Arlene Foster ratified as Northern Ireland First Minister

Monday 11 January 2016 22.31
Ms Foster succeeds the retiring Peter Robinson as NI First Minister
Ms Foster succeeds the retiring Peter Robinson as NI First Minister

Arlene Foster has become the first woman to lead Northern Ireland's powersharing Executive after her election as First Minister this afternoon.

The 45-year-old from Co Fermanagh has already replaced Peter Robinson as leader of the Democratic Unionists.

She succeeds the retiring Mr Robinson as Stormont First Minister who officially resigned at the first plenary session of the year at Stormont in Belfast today.

Ms Foster said she took great pride in being the first woman to hold the office, and also its youngest incumbent.

"I can think of no greater honour than to have the opportunity to serve my country and the people of Northern Ireland as their First Minister," Ms Foster said.

"I am truly humbled by the trust and confidence which has been placed in me and grateful for all those who have kept me in their prayers in recent days."

Mr Robinson, 67, announced his intention to retire from front-line politics last November, days after signing a political deal with Sinn Féin and the Irish and British governments to stabilise the coalition administration.

In his final speech from the Assembly's Front Bench, Mr Robinson said he is leaving the job confident that devolution has been secured for generations to come.

"When we take a step back and with the perspective of history we can see just how far we have come," he said.

"Though we don't always fully appreciate it, devolution underpins the level of peace and stability we enjoy today.

"After 35 years of stop-go government, devolution, with local people taking the decisions, is once again the norm."

Arlene Foster walks past a painting of Ian Paisley at Stormont today

Ms Foster said Mr Robinson leaves enormous political shoes to fill.

"Three minutes cannot do justice to the career of the person who has been the most astute unionist political leader of this, or for that matter, any era in Northern Ireland's history," Ms Foster said.

"But when the history of this time comes to be written, his leadership will define this period."

The transition of power has been smooth, with Ms Foster facing no challengers within the DUP.

The Fermanagh and South Tyrone Assembly member, a married mother-of-three who defected to the DUP from the Ulster Unionists in 2004, will assume office alongside long-serving Sinn Féin Deputy First Minister Martin McGuinness.

Ms Foster has extensive experience serving in the Stormont Executive, having held three ministerial portfolios and twice having filled in as temporary First Minister.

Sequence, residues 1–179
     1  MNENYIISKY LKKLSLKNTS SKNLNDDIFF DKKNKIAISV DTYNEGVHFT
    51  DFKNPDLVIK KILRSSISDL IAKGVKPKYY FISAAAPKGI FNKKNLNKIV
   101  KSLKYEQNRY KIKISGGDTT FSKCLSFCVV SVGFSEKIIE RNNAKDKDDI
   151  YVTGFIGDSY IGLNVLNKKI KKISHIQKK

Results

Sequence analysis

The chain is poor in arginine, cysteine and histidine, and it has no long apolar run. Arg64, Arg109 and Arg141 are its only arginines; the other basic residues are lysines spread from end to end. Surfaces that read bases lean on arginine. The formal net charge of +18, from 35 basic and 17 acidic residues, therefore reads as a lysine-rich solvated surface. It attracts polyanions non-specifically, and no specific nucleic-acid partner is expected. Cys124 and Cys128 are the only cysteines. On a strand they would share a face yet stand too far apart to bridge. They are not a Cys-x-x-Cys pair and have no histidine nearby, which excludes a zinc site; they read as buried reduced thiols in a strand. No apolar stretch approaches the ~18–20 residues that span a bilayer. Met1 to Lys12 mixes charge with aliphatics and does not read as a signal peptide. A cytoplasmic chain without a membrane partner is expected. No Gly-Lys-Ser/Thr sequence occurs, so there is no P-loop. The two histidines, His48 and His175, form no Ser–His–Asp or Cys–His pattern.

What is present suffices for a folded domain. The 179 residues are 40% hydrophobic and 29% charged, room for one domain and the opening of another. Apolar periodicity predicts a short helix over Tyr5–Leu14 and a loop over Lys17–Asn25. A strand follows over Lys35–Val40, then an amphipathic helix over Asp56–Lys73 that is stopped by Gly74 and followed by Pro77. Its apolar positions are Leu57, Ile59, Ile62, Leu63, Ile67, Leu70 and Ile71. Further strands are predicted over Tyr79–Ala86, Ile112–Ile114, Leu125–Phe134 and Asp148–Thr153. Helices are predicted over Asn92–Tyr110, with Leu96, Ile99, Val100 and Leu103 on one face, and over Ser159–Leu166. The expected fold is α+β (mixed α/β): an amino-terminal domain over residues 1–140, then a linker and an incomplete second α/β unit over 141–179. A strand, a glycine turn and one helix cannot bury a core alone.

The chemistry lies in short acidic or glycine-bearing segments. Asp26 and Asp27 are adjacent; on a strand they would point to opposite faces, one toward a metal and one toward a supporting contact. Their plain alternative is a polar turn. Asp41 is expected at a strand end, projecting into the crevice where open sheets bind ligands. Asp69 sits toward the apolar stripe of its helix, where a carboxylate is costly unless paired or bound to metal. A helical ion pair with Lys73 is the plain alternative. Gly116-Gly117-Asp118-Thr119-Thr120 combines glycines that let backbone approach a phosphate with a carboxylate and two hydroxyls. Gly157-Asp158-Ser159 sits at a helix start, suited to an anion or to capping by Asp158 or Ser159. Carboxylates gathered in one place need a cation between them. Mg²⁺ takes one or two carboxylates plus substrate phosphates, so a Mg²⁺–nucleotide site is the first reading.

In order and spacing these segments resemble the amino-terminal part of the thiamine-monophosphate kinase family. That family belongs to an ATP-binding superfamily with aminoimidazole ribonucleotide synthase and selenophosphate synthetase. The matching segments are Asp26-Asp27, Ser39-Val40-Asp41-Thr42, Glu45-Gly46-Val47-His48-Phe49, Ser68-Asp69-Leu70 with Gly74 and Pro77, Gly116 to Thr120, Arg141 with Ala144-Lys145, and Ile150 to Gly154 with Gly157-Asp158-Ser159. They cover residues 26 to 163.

Challenges ahead for DUP 

The new leader's first electoral test will come in May with the Assembly election.

The challenge for the DUP will be to retain its position as Northern Ireland's largest party and thus its right to hold the post of First Minister.

If the DUP were to lose enough seats to unionist rivals, there is the chance a strong performance from Sinn Féin could see them top the poll.

While the posts of First Minister and Deputy First Minister are co-equal and hold the same authority, Ms Foster will nevertheless be determined to avoid the symbolism of swapping job titles with Mr McGuinness.

She spent her early years growing up on the family farm in Roslea, Co Fermanagh and her father was a part-time member of the RUC as well as a farmer. 

The family moved from the countryside to a house in the centre of Lisnaskea  in 1978 after the IRA tried to kill her father.

When she was a teenager in 1988, a bomb exploded under her school bus.

She is a qualified solicitor and a member of the Church of Ireland.

A spokesman for the Taoiseach said Mr Kenny wished the "highly effective" Ms Foster "every success in her new role".

"He looked forward to continuing to work with her to meet challenges and develop opportunities to benefit all communities across the island of Ireland," the spokesman added.

"The Taoiseach also paid tribute to Ms Foster's predecessor Peter Robinson, thanking him for his very significant contribution to the Northern Ireland peace process and wishing him many happy years of retirement with his family as he stepped down as First Minister."